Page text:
The Willows exceeds expectations -

Thursday, March 5, 2015

Dream Diner fulfills dreams -

Monday, March 2, 2015

China buffet satisfies -

Monday, March 2, 2015

Girls’ hockey defeated in playoffs -

Sunday, March 1, 2015

Boys’ Basketball defeats Shrewsbury -

Sunday, March 1, 2015

Changes to override process aim to improve performance -

Friday, February 27, 2015

Playoff Preview: Boys Basketball vs. Shrewsbury -

Wednesday, February 25, 2015

Science program adds on -

Wednesday, February 25, 2015

WAGB wins in nail biter -

Tuesday, February 24, 2015

Mandarin club continues onward -

Tuesday, February 24, 2015

Two gymnasts, two styles -

Tuesday, February 24, 2015

Actions speak louder than words -

Wednesday, February 18, 2015

Boys’ basketball beats out Bedford -

Tuesday, February 17, 2015

Boys’ hockey dominated by Chelmsford -

Monday, February 16, 2015

Boys’ Hockey defeated by Masco -

Monday, February 16, 2015

Girls’ Varsity Thwarted -

Friday, February 13, 2015

Girls’ only engineering is a step backwards -

Thursday, February 12, 2015

Boys’ basketball dominates -

Thursday, February 12, 2015

Chocolate, roses, and disappointment -

Thursday, February 12, 2015

Boys’ Hockey loses to Andover -

Thursday, February 12, 2015

New English electives being offered next fall

By Ethan Walshe
Managing Editor

The 2012-2013 school year will see new electives in the English department. Two new classes, Contemporary Literature and Film and Literature will be offered to juniors and seniors and will be taught by English teachers Emily Coates and Brian Mahoney respectively.

Both of these classes received strong interest following a survey conducted on sophomores and juniors earlier this year. They were the two most voted for classes and thus the decision to run these classes next year was made.

The contemporary literature class will focus on three novels, Harry Potter by J.K. Rowling, The Hunger Games by Suzanne Collins and Nineteen Minutes by Jodi Picoult. According to Coates, a large aspect to the class will be finding the literary merit to contemporary novels.

“We’ll be looking at whether Harry Potter is really a hero’s journey…whether The Hunger Games is a book that qualifies as a piece of dystopian literature and then lastly we are going to look at the detective genre and whether Nineteen Minutes is a real detective whodunit murder mystery,” said Coates.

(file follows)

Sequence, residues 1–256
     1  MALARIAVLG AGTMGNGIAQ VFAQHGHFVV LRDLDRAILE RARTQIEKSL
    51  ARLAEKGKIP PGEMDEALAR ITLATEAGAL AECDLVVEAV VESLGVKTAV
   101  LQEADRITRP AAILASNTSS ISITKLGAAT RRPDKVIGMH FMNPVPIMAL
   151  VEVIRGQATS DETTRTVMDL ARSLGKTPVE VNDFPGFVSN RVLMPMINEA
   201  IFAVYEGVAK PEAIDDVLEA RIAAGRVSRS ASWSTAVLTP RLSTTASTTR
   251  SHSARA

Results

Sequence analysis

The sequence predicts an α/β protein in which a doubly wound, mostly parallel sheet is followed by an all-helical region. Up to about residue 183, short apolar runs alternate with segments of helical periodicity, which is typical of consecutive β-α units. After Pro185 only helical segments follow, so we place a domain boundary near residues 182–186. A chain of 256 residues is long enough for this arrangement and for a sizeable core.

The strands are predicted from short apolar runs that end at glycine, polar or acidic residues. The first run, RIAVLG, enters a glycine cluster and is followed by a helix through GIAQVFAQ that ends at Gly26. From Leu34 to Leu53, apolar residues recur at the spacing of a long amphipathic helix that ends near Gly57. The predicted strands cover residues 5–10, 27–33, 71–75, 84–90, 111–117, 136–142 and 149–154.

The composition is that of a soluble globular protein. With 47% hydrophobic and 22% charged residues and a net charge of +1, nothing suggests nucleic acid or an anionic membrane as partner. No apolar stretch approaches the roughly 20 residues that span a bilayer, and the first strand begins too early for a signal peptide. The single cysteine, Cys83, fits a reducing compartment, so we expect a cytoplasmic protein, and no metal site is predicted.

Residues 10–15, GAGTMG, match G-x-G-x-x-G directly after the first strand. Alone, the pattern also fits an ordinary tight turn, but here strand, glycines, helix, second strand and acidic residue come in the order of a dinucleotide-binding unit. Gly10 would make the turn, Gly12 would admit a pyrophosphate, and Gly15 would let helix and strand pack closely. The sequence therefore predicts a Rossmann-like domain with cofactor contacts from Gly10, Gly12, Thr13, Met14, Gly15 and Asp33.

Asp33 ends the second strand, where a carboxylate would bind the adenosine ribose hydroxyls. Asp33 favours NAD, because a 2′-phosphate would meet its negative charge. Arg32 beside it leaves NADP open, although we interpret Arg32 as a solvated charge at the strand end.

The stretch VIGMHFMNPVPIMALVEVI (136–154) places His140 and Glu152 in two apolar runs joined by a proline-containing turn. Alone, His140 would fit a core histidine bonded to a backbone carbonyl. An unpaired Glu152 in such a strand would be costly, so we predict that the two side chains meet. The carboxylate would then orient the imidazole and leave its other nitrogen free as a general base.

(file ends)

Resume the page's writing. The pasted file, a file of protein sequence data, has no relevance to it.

The film and literature class will also focus on yet to be decided contemporary novels, but will also feature analysis of accompanying films and seeing how the novels translate into film and if that adds to or takes away from things like theme or morals in the novels.

“In my mind right now it’s two novels and two films based on those novels and the idea is to look at a story that was told through two different mediums…and to see what was lost and what was gained through the process of those two different mediums,” said Mahoney.

Both classes will be different from standard English classes in a number of ways, but will also have similarities. Both classes will be based on discussion and feature a bit more independent work than a normal English class usually does. For example, in the contemporary literature class a book may be assigned and rather than having a set number of chapters due on this day, the entire book would need to be read by a certain date. Both classes will also feature essays based on the books or films at hand.

Coates would recommend the contemporary literature course for any student who is looking for a chance to talk about books they are interested in from a more literary standpoint.

“You might be interested in Harry Potter or Hunger Games or a Jodie Picoult book outside of school, this hopefully is going to be a chance for them to talk about a pop culture book, a book they might read for fun in an academic setting,” said Coates.

Mahoney would recommend his film and literature class to a student who is the type of person who finds himself going to a movie with his friends and afterwards really feeling the need to talk about it or wanting to see the same movie multiple times.

“if you’re looking to be engaged everyday, to come in… and feel like you’re taking an elevated class… to make them feel like ‘wow this feels like I’m doing something that a college student is doing’… if you’re looking for that, this is the class for you,” said Mahoney.

These new courses will be available to juniors and seniors next fall.

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